Neelan Rach

Neelan’s outfit was both practical and stylish. I simply fell in love with his Chanel purse!

So, of course, seeing so many people swapping (there were over 400 visitors all in all!), you cannot help it but sneak through the clothes a bit as well and try something on, when you have the chance — just for the fun of it!

Look at our first finds! Annie (Annie Cliche, Montreal Chapter Director) found a white jacket with a leopard collar. Stephanie was having fun trying out a funny summer hat with a matching purse.

Annie Cliche (on the left), Stephanie (on the right)

The dress in the following picture was one that I had already noticed when arranging the racks. It was made out of silk and had a balloon skirt. I would have loved to take it home with me. Unfortunately, it was a small size, and it didn’t fit anyone else but the very skinny Annie.

Sabina tried on a velvet beige vest with flower shaped holes, but eventually decided to leave it.

Annie Cliche (on the left) and Sabina Tang (on the right)

Cole, Annie’s daughter and our youngest volunteer — she is only 8 years old! — dug out a nice head scarf and a matching purse. Look at her, this girl will definitely become an advanced thrifty fashionista in no time!

Cole Cliche

The fitting rooms simply looked like magic. They were constructed with white, slightly glossy curtains and were lit up with red LED lamps from the inside. In front of the fitting rooms was standing the dream of every girl — a personal style consultant. Stylist Jeff Golf of Montreal wardrobe consultants Ludique was mainly there to help out with one crucial question: “Shall I take it or not?”

Stylist Jeff Golf

Aleece giving the opening speech (on the right)

The Second Day

On the second day I came at noon when the first public swap session started.

I was super-busy during most of the day.

First, I was assigned to the PR team and had to check the stamp on the visitors’  hands before allowing them to go into the swap area. Also, I answered questions from people passing by. DJ THE WIG from Boston was playing music at the event all day long, which attracted lots of attention.

Later, I was helping out at check-in. Looking at the participants, it was very clear from the beginning that guys were a rarity at this event — but the ones that came, gave away some really nice stuff, like designer jackets, leather bags and wool sweaters. Believe it or not, some of the women coming to the event brought along their suitcases! They left the swap with their luggage filled with nice clothing.

Later on, I joined the sorting crew and helped them put more items on the racks that people had brought to the swap. Busy!

Since The S.W.A.P. Team was partnered with the Zoofest, we also had some artistic and music performances during the event, like the group Street Hearts:

Street Hearts (on the left)

Small cardboard labels were attached everywhere. They presented some interesting statistics about clothing consumption and recycling.

Statistic labels

While working on the floor and refilling the racks with clothes, I suddenly spotted another item I brought for the swap! It was a brownish orange jacket of great quality, made in Russia by a local designer. I used to like it a lot — however, I recently changed my color scheme to bluish gray, so this piece didn’t fit my wardrobe anymore.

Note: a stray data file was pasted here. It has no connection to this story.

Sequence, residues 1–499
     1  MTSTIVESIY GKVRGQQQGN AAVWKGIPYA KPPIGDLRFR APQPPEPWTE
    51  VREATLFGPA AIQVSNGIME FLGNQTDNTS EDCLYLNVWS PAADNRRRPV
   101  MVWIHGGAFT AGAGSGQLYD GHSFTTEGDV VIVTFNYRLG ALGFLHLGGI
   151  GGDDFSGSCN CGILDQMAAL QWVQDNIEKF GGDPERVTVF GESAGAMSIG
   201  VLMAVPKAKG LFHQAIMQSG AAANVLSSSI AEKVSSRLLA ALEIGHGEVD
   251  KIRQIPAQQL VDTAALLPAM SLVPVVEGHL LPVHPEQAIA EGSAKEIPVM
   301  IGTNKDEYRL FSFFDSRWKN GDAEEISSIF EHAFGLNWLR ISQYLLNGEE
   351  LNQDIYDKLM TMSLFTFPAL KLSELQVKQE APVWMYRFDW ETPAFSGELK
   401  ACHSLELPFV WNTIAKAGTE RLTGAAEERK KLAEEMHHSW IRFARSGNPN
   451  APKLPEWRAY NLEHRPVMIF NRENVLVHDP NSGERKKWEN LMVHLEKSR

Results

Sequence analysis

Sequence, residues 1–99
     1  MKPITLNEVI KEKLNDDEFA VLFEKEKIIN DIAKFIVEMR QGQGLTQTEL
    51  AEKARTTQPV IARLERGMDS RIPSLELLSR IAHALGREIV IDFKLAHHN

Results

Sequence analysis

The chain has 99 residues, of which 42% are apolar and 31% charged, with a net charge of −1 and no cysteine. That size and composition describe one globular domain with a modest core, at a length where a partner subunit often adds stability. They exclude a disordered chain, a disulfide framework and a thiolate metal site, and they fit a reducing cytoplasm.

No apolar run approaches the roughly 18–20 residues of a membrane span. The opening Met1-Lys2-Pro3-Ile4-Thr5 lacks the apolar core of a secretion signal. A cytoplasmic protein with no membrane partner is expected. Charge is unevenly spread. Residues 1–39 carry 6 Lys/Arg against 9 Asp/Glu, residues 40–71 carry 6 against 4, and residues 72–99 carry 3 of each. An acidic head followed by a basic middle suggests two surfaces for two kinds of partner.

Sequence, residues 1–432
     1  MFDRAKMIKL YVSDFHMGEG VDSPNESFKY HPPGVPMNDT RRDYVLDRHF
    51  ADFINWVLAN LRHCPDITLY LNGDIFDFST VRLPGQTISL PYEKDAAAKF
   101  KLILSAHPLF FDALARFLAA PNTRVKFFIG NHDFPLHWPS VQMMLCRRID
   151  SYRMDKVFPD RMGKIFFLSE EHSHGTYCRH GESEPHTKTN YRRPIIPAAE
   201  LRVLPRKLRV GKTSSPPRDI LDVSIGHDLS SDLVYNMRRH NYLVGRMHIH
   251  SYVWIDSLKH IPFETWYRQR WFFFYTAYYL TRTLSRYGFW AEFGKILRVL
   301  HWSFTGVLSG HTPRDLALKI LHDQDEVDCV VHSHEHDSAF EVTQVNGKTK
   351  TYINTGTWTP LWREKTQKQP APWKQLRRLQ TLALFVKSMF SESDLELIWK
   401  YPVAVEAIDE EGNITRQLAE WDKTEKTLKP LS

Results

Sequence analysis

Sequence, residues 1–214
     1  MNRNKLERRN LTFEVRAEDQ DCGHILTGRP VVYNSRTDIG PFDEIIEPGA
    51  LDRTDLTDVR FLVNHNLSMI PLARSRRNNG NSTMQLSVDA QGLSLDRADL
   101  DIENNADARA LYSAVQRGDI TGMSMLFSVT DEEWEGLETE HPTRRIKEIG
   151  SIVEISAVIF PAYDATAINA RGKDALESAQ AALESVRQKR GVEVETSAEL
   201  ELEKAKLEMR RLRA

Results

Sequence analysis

The orange designer jacket I brought for the swap event

At five o’clock my shift was over.

I spent two great days full of excitement and joy. I worked with nice and dedicated people who care about nature and the environment. I liked this volunteering experience very much, and I will definitely help out again at the next event.

And of course, I did find something for myself. 🙂 Three nice dresses and a few other items. I will write about my finds in the next post.

Stay tuned!

I totally forgot! A picture of me appeared in the 24H newspaper, July 11. I am the girl in the middle with her head tilted down. Wooh-hoo!

Liberating Your Closet Through Downsizing

Liberating Your Closet Through Downsizing

By Nicole Longstreath, writer of

I can’t remember what it was exactly, that inspired me to shift my consumption toward greener habits.

It was late 2010 and I think I was overwhelmed with the holiday season and some shaky finances. I was mulling over how I should spend the bonus I was anticipating; I had plenty of bills to pay, but I knew I needed to put some work into my wardrobe too. And with the retailers I liked, what little bonus money I had left was going to go fast.

You see, I was in a conundrum because I had a maniacal lust for JCrew cardigans. Cashmere, merino; long cardigans, skinny cardigans; cloud-blue or warm olive. And the catalog mailers I was receiving weren’t helping. It was December, I wanted cardigans and I couldn’t bear the thought of walking away with only 2 sweaters after I had just received a bonus.

Shopping at the antique market in January in my winter uniform: cardigan, scarf, coffee.

Then I remembered my love of second-hand and vintage fashion. So I looked up some consignment and thrift stores in my area, and I discovered a shopping method to help guide me in overwhelming and crowded thrift stores.

After attending a few clothing swaps where I cleaned up big-time, I was hooked. At the beginning of the year, I decided I was giving up clothing from the mall indefinitely for swapped and thrifted clothing. I figured I could build an inexpensive, unique and stylish wardrobe for less than $100 – which is what I might pay if I was going to splurge on just one “bonus” cardigan.

Unexpectedly, I was able to liberate myself from over half a closet of old clothing which I just hadn’t been wearing. I had been keeping them because they were expensive and I wanted to get my money’s worth … somehow. Instead of letting them collect dust in my closet, I donated all of the things I wasn’t wearing back into the second-hand clothing pool. Getting rid of those clothes and shoes felt fantastic.